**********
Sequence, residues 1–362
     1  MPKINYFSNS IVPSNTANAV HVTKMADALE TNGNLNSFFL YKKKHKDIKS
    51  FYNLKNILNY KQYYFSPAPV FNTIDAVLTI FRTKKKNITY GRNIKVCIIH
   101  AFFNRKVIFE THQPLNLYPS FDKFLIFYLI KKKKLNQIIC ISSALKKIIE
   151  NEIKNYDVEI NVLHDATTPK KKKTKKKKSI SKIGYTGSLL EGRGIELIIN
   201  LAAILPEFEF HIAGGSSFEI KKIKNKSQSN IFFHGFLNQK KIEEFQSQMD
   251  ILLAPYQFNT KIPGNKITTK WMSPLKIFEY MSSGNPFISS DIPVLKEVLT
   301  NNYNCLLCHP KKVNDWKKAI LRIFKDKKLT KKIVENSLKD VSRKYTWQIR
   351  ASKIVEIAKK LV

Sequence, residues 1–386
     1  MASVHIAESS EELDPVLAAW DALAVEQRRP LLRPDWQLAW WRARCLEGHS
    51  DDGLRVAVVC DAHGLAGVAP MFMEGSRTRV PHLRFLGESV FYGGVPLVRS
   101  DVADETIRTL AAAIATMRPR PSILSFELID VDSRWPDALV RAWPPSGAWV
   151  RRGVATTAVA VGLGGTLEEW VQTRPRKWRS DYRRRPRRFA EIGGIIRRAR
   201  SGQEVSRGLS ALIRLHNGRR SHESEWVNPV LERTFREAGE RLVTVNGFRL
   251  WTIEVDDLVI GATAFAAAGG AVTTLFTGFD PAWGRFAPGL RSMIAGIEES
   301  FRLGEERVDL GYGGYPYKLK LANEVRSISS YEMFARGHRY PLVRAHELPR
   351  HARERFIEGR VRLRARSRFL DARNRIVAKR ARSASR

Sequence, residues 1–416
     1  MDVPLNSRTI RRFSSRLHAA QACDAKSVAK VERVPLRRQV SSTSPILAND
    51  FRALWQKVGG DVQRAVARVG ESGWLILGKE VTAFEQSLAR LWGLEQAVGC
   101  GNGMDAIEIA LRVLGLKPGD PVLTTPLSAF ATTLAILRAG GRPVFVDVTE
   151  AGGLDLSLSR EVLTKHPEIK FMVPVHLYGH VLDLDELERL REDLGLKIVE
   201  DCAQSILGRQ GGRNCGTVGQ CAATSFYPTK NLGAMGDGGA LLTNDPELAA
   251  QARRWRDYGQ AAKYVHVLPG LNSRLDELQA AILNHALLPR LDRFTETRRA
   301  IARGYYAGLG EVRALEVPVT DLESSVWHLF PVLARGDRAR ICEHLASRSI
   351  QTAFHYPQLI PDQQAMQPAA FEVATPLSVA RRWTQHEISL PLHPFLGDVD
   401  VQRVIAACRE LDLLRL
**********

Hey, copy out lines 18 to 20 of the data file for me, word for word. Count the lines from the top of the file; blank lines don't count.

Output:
   351  HARERFIEGR VRLRARSRFL DARNRIVAKR ARSASR

Sequence, residues 1–416
     1  MDVPLNSRTI RRFSSRLHAA QACDAKSVAK VERVPLRRQV SSTSPILAND